Don’t Wannacry – Read this
| May 15, 2017
It’s out there. You’ve read about it in the news. Maybe someone in your network of contacts has been directly affected. The WannaCry ransomware program began hitting computers worldwide on May 12.
Ransomware is malicious software designed to block access to a computer system, often until the owners or users of the computer system pay a sum of money, or “ransom,” to get access to it again.
Wannacry is being spread via phishing emails, and on Microsoft operating computers that have not installed a recently released critical security patch from Microsoft. Be wary of any emails that ask you to click on links or provide personal information (passwords, banking information, etc.). Phishing emails often have spelling or grammar mistakes, and they contain links that may at first glance look legitimate, but if you look closely enough, you’ll see they’re not. Rest or hover your mouse over the link, but don’t click on it, and you’ll see the “real link.”
For example, the link in the email may read: www.facebook.com/User_Update_Info, but if you hover over it, it’ll be something quite different, for example: http://182.232.205.com/script-user/info.jsp
Phishing emails often contain threats that if you don’t click on a provided link and provide information, your account will be shut down.
It is essential for brokerages to take steps to protect not only the private and confidential information of their clients, but also the brokerage’s own confidential information.
In the case of data loss, brokerages should have a disaster recovery plan (DRP) in place. A DRP should:
- document the processes, policies, and procedures for the recovery and continuation of technology infrastructure that is critical to your business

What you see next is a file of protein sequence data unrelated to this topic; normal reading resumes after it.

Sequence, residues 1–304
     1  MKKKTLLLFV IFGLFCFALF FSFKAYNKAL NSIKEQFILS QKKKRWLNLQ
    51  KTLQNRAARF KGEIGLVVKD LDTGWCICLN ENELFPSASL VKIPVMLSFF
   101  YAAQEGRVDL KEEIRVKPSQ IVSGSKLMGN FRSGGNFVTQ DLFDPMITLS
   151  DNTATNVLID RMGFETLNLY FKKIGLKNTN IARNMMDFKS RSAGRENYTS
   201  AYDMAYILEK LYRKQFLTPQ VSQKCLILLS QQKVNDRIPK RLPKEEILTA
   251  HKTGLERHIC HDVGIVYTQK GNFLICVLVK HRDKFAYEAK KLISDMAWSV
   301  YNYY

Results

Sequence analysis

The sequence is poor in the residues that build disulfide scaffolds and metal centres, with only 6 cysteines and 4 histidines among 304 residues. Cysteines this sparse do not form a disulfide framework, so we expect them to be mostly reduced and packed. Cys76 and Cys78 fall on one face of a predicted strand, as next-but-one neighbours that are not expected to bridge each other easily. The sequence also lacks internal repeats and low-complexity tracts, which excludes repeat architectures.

- include a communication plan to reach your stakeholders
- be regularly tested to make sure there are no issues recovering data and getting your system back up and running within a reasonable time frame
Brokerages should also protect their data by backing it up. This may be as simple as backing up to a disc or a separate hard drive and storing the back-up at a secure offsite location. Back-ups can also be transmitted over the internet to an offsite disk or cloud service.
In the event that you’re hit by ransomware—having your data backed up means you’ll still be able to access it, though you may need to deal with the repercussions of a privacy breach in the event confidential client information has been stolen or otherwise accessed.
Take the time to ensure your brokerage has appropriate security and recovery methods in place to protect important data, and have a plan in place in case of data loss or theft. In the case of a breach, review and follow the protocol outlined by the Office of the Information and Privacy Commissioner of Alberta (OIPC) in their Advisory for Ransomware.
For more information, please see the following resources:
- RECABlog – Planning for an IT Crisis
- Information Bulletin – Protection of Client Information
- Office of the Information and Privacy Commissioner of Alberta – Advisory for Ransomware
If you have specific questions about appropriate measures to protect and safeguard brokerage and client information, please email firstname.lastname@example.org.